Nitrogen via Google ad for Advanced IP Scanner

Nitrogen, tested on May 3, 2024

Malvertising, the use of ads to deliver malware, has become very popular in the past couple of years. This is especially true for ads that appear on search results pages for Google, and to a lesser extent Bing.

The threat we are looking at today lures potential victims (likely system administrators) with an ad for Advanced IP Scanner, a popular networking tool. The malicious download leads to Nitrogen, a piece of malware that is used as initial access for ransomware deployment.

Distribution (Google ad->Phishing site->Download ZIP)

We searched on Google for the keywords ‘advanced ip scanner’ and saw the ad shown below. In this case, the threat actors used minimal effort as the domain name is clearly different than the official site, and the ad contains typos.

When you click on the ad, you are redirected through the decoy domain seen in the ad URL. This technique is known as cloaking and enables the threat actors to trick Google into thinking the ad is clean. Let’s pretend we are not a real user, by changing some of our browser settings to appear as a crawler. We see a website that looks real, although no one has ever heard about it before!

Threat actors go to great lengths to create these decoy pages, but often times they use AI to have them build those sites for them. Now, let’s return to the ad and click on it from a genuine user profile: we get a totally different final URL!

To understand what happened here, let’s look at the network traffic from the Google ad, to this page. We see that the saltysour[.]com domain immediately redirected us (via a 302 HTTP code) to a different site that impersonates the real Advanced IP Scanner website.

Real site: advanced-ip-scanner[.]com

Fake site: advanced-ip-scan[.]org

We press the download button and a file called is retrieved from what looks like a WordPress site, which is rather suspicious. We extract the content of that Zip archive and see the following.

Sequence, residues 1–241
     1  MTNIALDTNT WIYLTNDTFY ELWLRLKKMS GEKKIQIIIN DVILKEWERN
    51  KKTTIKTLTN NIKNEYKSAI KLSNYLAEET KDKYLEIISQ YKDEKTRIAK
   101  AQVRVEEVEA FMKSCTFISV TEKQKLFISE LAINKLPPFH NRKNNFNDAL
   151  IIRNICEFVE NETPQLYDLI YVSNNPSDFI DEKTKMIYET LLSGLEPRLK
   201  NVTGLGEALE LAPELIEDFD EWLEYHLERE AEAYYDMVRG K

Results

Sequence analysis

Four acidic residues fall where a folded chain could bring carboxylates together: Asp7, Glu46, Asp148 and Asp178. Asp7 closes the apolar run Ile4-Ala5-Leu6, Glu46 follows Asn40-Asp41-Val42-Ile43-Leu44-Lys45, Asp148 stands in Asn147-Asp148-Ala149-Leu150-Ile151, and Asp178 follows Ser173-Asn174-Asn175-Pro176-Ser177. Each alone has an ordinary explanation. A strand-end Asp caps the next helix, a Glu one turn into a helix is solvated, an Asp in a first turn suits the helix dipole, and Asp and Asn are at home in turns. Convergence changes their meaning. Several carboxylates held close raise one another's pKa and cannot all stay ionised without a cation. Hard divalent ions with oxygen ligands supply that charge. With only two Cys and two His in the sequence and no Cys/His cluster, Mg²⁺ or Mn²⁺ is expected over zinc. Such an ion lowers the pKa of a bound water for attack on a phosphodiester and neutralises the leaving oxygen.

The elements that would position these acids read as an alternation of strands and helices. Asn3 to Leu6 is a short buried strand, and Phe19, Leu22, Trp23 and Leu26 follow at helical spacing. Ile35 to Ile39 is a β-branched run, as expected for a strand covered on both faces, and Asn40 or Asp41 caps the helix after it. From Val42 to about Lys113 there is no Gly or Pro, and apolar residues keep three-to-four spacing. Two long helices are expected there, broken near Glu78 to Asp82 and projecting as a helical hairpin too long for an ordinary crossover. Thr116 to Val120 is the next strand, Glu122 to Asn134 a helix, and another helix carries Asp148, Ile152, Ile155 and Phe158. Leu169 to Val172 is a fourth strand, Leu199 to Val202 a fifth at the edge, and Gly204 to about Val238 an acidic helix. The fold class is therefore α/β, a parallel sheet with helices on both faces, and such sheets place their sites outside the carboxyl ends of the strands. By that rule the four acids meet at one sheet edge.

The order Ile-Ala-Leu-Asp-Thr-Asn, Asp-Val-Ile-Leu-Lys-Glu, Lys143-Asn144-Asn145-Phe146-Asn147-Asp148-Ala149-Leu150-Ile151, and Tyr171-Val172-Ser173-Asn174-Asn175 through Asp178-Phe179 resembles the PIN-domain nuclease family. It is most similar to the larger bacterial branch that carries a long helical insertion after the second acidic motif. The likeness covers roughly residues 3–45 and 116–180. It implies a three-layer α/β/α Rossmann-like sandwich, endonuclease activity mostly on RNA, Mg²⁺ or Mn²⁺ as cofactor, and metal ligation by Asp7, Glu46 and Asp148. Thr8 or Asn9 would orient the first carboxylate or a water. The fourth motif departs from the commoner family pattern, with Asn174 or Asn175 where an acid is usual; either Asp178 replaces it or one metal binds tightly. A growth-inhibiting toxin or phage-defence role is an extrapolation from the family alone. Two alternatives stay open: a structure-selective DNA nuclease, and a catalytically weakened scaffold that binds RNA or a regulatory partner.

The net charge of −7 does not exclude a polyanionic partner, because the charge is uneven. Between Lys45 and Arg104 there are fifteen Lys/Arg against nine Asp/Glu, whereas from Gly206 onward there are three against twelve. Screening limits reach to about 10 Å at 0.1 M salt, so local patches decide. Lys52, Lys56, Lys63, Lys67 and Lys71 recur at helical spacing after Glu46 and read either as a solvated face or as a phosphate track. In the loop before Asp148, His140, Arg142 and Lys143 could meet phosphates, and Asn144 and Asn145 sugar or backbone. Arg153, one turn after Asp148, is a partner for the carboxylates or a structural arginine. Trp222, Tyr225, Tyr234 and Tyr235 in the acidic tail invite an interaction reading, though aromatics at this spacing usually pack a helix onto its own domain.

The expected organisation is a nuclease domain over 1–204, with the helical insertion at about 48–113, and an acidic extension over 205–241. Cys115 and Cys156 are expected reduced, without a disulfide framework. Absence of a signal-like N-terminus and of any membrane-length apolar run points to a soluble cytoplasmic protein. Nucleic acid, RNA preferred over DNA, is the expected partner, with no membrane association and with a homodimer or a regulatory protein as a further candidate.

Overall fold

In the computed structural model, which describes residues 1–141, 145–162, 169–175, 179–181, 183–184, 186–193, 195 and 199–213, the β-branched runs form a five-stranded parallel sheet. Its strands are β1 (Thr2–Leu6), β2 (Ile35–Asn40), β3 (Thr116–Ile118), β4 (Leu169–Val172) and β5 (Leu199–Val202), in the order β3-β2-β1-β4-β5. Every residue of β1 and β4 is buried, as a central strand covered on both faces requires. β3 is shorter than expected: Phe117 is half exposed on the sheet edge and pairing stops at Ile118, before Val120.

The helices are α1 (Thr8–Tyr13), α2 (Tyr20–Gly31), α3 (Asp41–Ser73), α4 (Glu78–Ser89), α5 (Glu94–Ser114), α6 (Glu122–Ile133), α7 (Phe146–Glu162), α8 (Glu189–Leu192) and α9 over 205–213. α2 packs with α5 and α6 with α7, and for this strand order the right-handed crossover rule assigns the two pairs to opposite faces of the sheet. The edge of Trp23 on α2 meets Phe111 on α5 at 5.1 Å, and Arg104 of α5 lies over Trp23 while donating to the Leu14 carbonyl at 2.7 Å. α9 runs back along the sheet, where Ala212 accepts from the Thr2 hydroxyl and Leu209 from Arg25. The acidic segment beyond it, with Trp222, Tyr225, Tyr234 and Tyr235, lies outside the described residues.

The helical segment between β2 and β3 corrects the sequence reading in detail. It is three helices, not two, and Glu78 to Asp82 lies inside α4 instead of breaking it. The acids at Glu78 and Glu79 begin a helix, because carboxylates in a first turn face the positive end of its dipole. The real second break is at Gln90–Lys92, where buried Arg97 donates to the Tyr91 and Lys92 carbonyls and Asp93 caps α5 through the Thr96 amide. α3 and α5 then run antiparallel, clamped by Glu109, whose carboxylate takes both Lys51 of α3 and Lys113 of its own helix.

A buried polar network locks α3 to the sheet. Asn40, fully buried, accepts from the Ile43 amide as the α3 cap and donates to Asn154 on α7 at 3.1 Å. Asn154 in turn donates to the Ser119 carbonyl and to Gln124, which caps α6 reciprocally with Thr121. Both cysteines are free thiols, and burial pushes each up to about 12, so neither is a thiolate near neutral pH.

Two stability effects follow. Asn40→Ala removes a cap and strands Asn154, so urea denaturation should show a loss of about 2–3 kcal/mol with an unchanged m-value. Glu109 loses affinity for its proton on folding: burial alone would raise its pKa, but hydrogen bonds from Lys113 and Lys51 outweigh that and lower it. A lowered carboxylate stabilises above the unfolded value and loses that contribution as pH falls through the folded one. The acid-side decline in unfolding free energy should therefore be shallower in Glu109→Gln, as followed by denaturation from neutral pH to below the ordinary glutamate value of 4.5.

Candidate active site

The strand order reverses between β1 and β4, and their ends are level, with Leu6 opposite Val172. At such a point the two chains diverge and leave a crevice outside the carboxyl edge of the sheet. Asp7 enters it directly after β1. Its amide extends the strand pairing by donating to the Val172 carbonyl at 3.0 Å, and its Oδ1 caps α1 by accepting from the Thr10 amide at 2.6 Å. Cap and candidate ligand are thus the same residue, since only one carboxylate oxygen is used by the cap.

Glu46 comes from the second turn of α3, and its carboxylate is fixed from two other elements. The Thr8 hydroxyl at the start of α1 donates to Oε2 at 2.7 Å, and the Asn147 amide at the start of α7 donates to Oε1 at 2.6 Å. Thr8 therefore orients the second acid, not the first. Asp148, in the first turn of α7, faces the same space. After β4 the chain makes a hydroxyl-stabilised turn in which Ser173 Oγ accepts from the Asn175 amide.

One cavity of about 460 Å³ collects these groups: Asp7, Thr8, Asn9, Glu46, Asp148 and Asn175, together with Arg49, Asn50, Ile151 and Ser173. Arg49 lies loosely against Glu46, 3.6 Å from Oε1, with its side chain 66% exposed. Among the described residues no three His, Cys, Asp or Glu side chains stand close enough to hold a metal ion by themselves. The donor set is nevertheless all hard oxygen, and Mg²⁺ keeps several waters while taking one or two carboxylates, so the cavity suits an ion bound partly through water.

While the setup.exe file is legitimate, it sideloads a malicious DLL (python311.dll) which calls back to a command control and server. This is a signature move from a threat known as Nitrogen. This piece of malware is used as part of a longer attack chain which leads to ransomware. In fact, Nitrogen is associated with the deployment of the BlackCat (ALPHV) ransomware.

Process flow


ThreatDown customers were already protected against this attack:

  • The phishing website was detected via web protection
  • The malicious DLL (Nitrogen) was detected via our AI-driven automated signature system
  • The command and control server (C2) for Nitrogen was already detected by web protection


If you want to protect your users from a number of web based threats, it is crucial to scrutinize online ads. Downloading software by clicking on a search ad is a risky behavior because brands can be impersonated quite easily. You have several options here:

  • you can block ads across the board which will make a malvertising attack very unlikely
  • you can provide an internal repository from where you employees will download the software programs they need

We highly recommend web protection which goes beyond a simple ad blocker. ThreatDown gives you that extra piece of mind by blocking malicious infrastructure used by malvertisers as well as command and control servers that threat actors rely on.

Remember to treat such intrusions timely as Nitrogen is not the final payload in this attack chain. Threat actors will use it to profile victims before deploying ransomware.

Indicators of Compromise (IOCs)

Cloaking site


Phishing site


Payload URL


Payload SHA256


Nitrogen SHA256


Nitrogen C2